THE WORKS of Gerald Kersh fell steeply out of favour and largely out of print after his death in 1968 but London Books are determined to provide him with some kind of rebirth.
This is the third of his many novels they have reprinted and we should be grateful to them for doing so.
Kersh was a broad-minded, imaginative writer and a tough, flamboyant figure who made his home in the bohemian world of London’s Soho of the 1930s and 1940s. His novels, which sold very well during his lifetime, drew on an eccentric cast of characters from that milieu. Many of them, one suspects, came straight out of real life.
In the post-war London setting of Prelude to a Certain Midnight, Kersh introduces us to a large host of eccentric and unstable individuals, loosely brought together through their drinking exploits at a Soho bar and caught up in the swirling wake of a grisly child murder in their neighbourhood.
Sadness seems to hover over all of them, whether they live in a bedsit or a large house, are sober or drunk, employed or otherwise.
The crime adds another layer of silent anguish to the scene, in particular for one of the most poignantly drawn characters. Catchy is a former “good-time” girl whose life has fallen in on itself and who, the reader suspects, has some dark secrets with which the murder is entwined.
Occasionally, it feels as if Kersh spends too much time on his characters rather than developing the plot. But the storyline is of secondary importance to his examination of the notion that most of us are capable of giving succour to depraved acts, given the right circumstances and opportunities.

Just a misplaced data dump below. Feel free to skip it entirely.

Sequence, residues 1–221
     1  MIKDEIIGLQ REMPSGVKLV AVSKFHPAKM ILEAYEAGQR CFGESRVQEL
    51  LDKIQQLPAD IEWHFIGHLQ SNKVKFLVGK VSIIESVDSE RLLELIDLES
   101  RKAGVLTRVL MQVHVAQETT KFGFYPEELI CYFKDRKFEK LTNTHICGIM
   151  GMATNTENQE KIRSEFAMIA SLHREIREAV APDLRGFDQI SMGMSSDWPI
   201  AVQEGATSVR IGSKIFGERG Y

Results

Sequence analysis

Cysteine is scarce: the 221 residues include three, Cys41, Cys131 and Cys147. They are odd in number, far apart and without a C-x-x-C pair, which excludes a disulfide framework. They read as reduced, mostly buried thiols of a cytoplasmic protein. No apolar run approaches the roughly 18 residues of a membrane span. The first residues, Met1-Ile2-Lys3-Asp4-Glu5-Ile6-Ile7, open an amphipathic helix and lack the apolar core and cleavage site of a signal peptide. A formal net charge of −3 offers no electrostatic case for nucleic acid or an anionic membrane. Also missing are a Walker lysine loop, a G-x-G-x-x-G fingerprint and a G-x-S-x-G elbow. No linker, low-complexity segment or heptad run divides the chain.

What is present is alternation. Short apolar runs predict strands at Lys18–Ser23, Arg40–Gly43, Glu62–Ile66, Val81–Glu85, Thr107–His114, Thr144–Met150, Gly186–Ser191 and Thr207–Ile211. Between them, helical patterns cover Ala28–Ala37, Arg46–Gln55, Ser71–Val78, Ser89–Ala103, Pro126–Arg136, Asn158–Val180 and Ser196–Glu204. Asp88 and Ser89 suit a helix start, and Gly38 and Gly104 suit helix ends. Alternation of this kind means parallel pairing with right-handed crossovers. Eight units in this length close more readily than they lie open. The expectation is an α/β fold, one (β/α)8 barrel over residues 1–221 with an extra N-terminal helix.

As the hunt for the child killer flounders and the do-gooding, battleaxe amateur sleuth Asta Thundersley tries to make sense of what has happened, her question: “Who could have been responsible?” returns the answer: “It could have been anyone.”
Quietly, Kersh draws a parallel with the murder of so many innocents by the nazis during the second world war, aided and abetted by the apathy or even downright sympathy of so many.
What this tells us about the human condition is none too edifying but Kersh does shy away from that. His story, set in the immediate aftermath of a conflict that killed many millions, is located in harder and less squeamish times than our own.
From the grave, he is not willing to spare our 21st-century blushes.
London Books says it believes that “the marginalised fiction of the past can be as relevant and exciting as when it was first published.” Here is strong proof of that contention.